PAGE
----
Then in shifting to a more practical answer or direction he makes the point that “teaching believers to live on mission in their contexts, rather than just to bring their friends to church, is how we will reach the Nones.” Wow. That almost sounds like blasphemy. Not bring people to church? But wait, before you brush Stetzer off as a Cuckoo Bird, let’s hear what he is saying. Think of it this way:
If people are not seeking a church and don’t much care about churches, their programs or their music, then the “front line” of ministry is somewhere other than at the church building. This puts much greater importance on the personal witness of Christians to “live on mission” “in their contexts.” We know this to be true. Visitors are becoming much more sparse in our churches. Members are bringing less and less of their friends to church. Invitations to worship are not happening very much. Therefore the “front line” or “starting line” for engaging people happens in the community. This is what Stetzer is saying. He is not denigrating the church. The point is to be less “church centric” in all we do since it is no longer the “pillar in the community” and “social hub” that it once was.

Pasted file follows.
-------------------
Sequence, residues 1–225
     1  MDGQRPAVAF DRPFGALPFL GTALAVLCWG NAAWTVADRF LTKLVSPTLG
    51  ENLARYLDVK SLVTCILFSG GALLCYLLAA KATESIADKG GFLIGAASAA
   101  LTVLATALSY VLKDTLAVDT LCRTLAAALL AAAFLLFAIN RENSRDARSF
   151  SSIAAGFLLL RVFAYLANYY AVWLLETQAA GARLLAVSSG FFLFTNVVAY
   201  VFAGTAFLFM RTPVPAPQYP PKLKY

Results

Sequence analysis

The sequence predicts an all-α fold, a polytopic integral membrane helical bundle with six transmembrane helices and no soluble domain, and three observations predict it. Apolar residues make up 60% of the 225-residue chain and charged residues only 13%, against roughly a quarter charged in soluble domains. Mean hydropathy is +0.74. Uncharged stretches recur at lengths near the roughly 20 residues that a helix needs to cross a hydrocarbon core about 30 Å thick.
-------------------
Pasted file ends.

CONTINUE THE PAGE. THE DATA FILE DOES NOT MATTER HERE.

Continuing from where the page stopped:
I know that may sound incredibly discouraging if you have continued to read this far. We would like to remain in the bubble of our denial since it is so comfortable. But it begs the question, what does “living on a mission” really look like if not inviting people to church? What happens now?
Practically it means we need to be even more intentional about being Christians 24/7. Sunday Christians doesn’t cut it. It also means that programs and activities at church for church members has to be reconsidered and redirected. We need to steward our efforts to make a difference in the lives of those who are around our churches. This isn’t just an integrity issue, that as people see our good works they will glorify our Father who is in heaven, it is also being salt and light (Mt 5:16).